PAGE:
C13 NMR spectroscopy of carbon nanohorns

Hideto Imai, Pankkattu K. Babu, Eric Oldfield, Andrzej Wieckowski, Daisuke Kasuya, Takeshi Azami, Yuichi Shimakawa, Masako Yudasaka, Yoshimi Kubo, Sumio Iijima

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Abstract

We report the results of a carbon-13 nuclear magnetic resonance spectroscopic investigation of the structure of carbon nanohorn aggregates (CNHs). The results show that CNHs consist of two components, characterized by different chemical shifts and spin lattice relaxation (T1) behavior. The first component has a chemical shift of 124 ppm and displays rapid spin-lattice relaxation behavior and is assigned to the nanotubelike horns on the particles' surfaces. The second component has a chemical shift of 116 ppm and much slower spin-lattice relaxation behavior and is assigned to the graphitelike part of the CNH aggregrate. The results of integrated peak area measurements indicate a 1:2 ratio of nanohorns to the graphitelike substrate. The absence of a clear Korringa behavior for the temperature dependence of T1 and the lack of a Knight shift ruled out any metallic behavior and indicated instead behavior characteristic of semiconductor materials with paramagnetic centers due to structural defects providing an effective relaxation mechanism in the nanohorn domains. We also observed an anomalous change in T1 near 17 K in the nanohorn domains suggesting the development of an antiferromagnetic correlation between localized electron spins.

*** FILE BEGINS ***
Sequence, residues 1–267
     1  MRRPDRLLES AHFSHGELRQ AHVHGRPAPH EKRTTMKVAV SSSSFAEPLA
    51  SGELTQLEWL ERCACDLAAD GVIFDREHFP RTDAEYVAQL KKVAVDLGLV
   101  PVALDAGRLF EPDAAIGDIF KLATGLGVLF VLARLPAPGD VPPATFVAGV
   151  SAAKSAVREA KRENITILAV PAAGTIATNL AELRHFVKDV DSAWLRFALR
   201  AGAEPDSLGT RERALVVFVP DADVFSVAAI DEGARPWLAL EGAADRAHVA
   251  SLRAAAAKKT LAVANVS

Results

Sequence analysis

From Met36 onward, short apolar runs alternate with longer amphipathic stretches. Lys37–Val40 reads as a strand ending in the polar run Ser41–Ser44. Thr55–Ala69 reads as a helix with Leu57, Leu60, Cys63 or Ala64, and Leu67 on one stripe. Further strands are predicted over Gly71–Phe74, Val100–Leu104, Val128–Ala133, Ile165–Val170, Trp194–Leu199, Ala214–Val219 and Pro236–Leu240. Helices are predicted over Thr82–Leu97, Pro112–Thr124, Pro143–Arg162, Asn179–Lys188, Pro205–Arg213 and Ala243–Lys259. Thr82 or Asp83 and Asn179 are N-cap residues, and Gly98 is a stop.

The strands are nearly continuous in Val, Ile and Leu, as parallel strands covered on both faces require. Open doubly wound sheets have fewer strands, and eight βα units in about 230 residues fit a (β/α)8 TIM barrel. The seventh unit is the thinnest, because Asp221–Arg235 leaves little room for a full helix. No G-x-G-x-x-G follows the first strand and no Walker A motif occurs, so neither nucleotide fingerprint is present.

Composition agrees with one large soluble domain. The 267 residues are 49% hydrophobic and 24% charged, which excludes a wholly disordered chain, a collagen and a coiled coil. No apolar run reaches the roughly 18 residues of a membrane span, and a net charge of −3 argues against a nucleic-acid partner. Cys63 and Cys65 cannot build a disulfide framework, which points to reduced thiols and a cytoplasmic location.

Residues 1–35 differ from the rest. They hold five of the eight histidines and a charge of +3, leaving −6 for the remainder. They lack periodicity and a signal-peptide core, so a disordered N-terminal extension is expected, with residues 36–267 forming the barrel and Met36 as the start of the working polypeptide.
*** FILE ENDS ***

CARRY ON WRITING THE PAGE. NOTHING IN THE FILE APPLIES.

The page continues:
Original languageEnglish (US)
Article number125405
JournalPhysical Review B - Condensed Matter and Materials Physics
Volume73
Issue number12
DOIs
StatePublished - Mar 15 2006

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ASJC Scopus subject areas

  • Electronic, Optical and Magnetic Materials
  • Condensed Matter Physics

Cite this

Imai, H., Babu, P. K., Oldfield, E., Wieckowski, A., Kasuya, D., Azami, T., Shimakawa, Y., Yudasaka, M., Kubo, Y., & Iijima, S. (2006). C13 NMR spectroscopy of carbon nanohorns. Physical Review B - Condensed Matter and Materials Physics, 73(12), [125405]. https://doi.org/10.1103/PhysRevB.73.125405